Wednesday, December 24, 2008

Tushnet, Teles, and "What Consequences Do Ideas Have?"

Mark Tushnet, Harvard Law School, has posted What Consequences Do Ideas Have? which reviews Steven Teles, The Rise of the Conservative Legal Movement: The Battle for Control of the Law. The review appears in the Texas Law Review (2008). Hat tip to the Legal Theory Blog. Legal historians may take a special interest in Tushnet's comparison of the Federalist Society with "Felix Frankfurter and the 'Happy Hot Dogs' of the New Deal." Here's the abstract (my thoughts on Teles follow):

Steven Teles's book, The Rise of the Conservative Legal Movement, is a case study of ideological challenge. Teles, a political scientist, emphasizes the institutional dimensions of such challenges. Relying on interviews and internal documents produced by conservative organizations, he examines the development of conservative litigating groups (i.e., conservative public interest law firms), the growth of the Federalist Society, and the embedding of law and economics within the legal academy. There have been similar studies of liberal public interest law firms and of the rise of liberal legalism in the academy, but Teles's is the first to look on the other side of the ideological divide. And, given the dominance of liberal legal ideology, his analysis brings out in sharp relief many new insights into the institutions that affect the outcomes of ideological contests. In addition, Teles connects his analysis to a broader theme in recent studies of American political development. The rise of the
conservative legal movement was intimately connected to changes in the dominant political order that have occurred over the past thirty years: the decay of the New Deal-Great Society political order, and the Reagan Revolution and its limits. In these ways Teles provides a firm foundation for thinking (or perhaps merely speculating) about future developments in the institutional apparatuses associated with conservative and liberal legal thought.

This Review summarizes and critiques Teles's analysis of the three components of the conservative legal movement, beginning with the least important, law and economics in the legal academy, and then turning to conservative public interest law firms and the Federalist Society. It concludes with some speculations about the future of that movement, in light of the connection Teles rightly draws between that movement and the American political regime of the late twentieth century.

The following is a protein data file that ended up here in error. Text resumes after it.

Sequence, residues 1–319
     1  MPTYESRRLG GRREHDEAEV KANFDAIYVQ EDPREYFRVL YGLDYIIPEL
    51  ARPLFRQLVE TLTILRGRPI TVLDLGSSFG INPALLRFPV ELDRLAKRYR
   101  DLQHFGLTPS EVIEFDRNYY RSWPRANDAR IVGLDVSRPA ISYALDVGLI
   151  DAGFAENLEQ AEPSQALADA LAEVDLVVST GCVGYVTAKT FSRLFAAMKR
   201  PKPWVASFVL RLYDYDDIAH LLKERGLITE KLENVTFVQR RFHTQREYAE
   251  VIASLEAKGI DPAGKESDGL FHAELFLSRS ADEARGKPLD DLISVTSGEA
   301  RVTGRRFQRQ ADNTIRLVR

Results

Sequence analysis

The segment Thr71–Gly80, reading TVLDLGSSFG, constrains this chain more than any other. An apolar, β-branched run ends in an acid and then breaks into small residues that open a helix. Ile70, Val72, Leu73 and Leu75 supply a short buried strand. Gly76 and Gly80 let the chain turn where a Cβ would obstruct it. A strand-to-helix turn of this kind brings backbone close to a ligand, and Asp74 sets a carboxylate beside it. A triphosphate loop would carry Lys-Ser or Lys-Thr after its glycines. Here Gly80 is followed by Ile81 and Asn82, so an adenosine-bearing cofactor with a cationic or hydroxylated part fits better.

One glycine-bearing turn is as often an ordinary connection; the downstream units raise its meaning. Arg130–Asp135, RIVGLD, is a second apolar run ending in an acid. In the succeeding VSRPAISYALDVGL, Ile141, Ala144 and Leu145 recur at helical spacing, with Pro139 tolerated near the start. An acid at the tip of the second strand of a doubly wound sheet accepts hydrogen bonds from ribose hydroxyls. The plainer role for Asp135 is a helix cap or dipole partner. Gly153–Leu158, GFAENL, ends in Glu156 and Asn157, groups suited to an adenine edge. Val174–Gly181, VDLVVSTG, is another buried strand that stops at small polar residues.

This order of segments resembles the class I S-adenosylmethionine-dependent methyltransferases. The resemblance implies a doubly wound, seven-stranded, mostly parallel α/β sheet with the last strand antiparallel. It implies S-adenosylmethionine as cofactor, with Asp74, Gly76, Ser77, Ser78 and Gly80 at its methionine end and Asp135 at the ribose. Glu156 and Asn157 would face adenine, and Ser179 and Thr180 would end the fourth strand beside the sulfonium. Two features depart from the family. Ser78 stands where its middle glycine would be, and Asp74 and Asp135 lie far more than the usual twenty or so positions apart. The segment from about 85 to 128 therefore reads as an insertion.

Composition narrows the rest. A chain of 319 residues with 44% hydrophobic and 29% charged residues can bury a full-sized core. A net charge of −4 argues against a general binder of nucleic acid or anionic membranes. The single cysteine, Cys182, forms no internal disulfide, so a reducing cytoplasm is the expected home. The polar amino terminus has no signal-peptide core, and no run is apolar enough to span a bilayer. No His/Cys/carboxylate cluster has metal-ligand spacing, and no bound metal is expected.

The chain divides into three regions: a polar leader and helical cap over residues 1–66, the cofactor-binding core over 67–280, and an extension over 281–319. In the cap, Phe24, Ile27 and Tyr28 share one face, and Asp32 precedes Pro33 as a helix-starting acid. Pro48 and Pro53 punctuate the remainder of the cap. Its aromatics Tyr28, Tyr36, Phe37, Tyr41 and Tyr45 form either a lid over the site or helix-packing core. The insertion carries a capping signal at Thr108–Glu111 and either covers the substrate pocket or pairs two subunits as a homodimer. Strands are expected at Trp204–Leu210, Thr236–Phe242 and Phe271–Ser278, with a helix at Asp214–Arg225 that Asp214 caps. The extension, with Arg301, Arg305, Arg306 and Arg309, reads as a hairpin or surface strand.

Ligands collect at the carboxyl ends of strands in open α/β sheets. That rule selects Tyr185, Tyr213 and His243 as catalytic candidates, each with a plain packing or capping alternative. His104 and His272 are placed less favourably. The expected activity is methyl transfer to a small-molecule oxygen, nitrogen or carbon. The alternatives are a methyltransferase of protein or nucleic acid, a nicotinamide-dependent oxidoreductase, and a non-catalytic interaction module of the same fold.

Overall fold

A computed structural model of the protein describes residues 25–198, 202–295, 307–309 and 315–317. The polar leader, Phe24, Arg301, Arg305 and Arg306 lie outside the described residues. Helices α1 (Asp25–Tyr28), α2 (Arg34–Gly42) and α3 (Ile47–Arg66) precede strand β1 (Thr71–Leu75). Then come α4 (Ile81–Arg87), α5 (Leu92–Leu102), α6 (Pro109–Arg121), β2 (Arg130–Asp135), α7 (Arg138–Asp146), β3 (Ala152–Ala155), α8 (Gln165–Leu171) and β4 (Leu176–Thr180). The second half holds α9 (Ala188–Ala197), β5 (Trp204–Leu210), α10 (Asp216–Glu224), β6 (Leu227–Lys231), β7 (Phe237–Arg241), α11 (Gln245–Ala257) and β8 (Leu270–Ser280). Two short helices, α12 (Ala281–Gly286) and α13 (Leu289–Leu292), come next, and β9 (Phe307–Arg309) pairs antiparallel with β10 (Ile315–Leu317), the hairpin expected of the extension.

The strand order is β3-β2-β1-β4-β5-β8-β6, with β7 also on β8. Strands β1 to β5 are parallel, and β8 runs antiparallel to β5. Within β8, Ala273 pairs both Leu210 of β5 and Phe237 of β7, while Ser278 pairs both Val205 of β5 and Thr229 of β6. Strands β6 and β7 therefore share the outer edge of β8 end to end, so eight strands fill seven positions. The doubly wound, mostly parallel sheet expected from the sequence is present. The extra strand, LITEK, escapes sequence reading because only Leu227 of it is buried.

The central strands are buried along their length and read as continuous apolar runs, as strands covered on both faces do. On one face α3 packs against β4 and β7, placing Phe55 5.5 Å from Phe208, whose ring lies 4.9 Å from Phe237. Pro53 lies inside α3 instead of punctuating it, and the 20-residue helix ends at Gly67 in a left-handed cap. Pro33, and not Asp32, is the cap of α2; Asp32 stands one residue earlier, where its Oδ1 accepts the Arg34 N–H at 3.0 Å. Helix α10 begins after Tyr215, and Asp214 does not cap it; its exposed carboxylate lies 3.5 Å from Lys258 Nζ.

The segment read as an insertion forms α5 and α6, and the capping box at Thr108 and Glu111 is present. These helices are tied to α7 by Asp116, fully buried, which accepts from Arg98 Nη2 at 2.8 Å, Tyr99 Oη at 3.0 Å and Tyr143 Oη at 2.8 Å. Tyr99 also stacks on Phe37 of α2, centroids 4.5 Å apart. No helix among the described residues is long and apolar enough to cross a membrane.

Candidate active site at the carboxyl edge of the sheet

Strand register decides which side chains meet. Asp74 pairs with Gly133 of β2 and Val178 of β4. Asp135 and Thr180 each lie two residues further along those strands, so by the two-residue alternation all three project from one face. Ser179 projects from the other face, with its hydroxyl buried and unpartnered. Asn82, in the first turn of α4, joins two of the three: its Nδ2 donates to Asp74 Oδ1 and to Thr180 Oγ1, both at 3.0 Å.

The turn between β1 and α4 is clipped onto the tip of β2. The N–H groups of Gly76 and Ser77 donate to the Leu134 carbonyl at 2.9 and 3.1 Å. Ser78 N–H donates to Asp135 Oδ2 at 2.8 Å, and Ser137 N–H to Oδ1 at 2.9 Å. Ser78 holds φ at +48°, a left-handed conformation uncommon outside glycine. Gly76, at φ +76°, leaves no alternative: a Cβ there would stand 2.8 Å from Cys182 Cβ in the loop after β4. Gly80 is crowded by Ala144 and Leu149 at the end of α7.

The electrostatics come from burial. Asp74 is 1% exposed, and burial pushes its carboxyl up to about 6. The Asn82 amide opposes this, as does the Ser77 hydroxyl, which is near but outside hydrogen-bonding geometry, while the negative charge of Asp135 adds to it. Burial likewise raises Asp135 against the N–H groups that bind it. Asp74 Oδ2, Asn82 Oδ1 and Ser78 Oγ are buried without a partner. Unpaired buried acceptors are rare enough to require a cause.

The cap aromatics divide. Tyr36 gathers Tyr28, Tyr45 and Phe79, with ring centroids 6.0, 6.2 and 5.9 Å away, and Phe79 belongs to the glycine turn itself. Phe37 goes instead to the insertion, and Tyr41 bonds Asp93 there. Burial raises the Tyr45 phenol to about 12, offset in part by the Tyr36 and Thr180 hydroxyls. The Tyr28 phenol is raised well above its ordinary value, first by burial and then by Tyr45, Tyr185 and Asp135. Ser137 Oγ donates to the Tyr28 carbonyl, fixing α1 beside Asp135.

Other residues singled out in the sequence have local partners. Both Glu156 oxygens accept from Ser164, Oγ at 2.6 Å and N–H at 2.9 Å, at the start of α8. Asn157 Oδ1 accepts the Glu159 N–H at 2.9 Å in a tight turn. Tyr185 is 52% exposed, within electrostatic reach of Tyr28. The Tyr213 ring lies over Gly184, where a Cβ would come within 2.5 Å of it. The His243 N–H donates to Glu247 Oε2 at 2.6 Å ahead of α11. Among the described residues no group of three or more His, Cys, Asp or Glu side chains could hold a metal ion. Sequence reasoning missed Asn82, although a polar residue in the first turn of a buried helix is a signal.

Teles is essential reading for anyone interested in late 20th century legal history or the role of institution-building in social change efforts. One point Tushnet doesn't raise in this extremely helpful review, in spite of his title, is the way Teles's fine but necessarily focused work underplays the role of certain ideas in "the conservative legal movement."

Left out of Teles's account is the role of the religious right, and I suspect that this is the reason that abortion rights play so little role in Teles's description of legal conservatism. Roe v. Wade was not just a case, but also a catalyst for organizing against the Court, enabling fund raising efforts and mass mobilization.

Others have criticized Teles for this absence, and Teles, a careful political scientist, has an appropriate response: First, another book covers religious conservatives, Steven Brown’s Trumping Religion: The New Christian Right, The Free Speech Clause, and the Courts (Alabama, 2004), and "One of the main reasons I did not go into the subject at any greater length than I did was that I did not feel I had much to offer that Brown had not already covered." Second, and perhaps more important, Teles explains: "while I believed I was already reasonably far up the learning curve on the subjects I covered in the book (despite not being a lawyer), I do not have any particular training or background in Christian conservatism....To write a book like mine that covered Christian conservatives would require that the author have an intuitive sense of that part of the movement, and in all honesty, that is not part of my intellectual capital." He develops this point here.

But this means that Teles's point that he could only do so much and has not written a comprehensive history of legal conservatism must be kept in mind when we draw lessons from this work about the content and impact of the conservative legal movement. (I also wonder whether conservative women, who rarely appear in this otherwise excellent book, would play more of a role in a broader account.)

Because of this, although the book is a must-read for anyone interested in legal thought in the late 20th century, the limitations of Teles's methodology mean that, at least when it comes to the movement's motivating ideas, it cannot be read as a history of the conservative legal movement, but instead of critically important parts of it.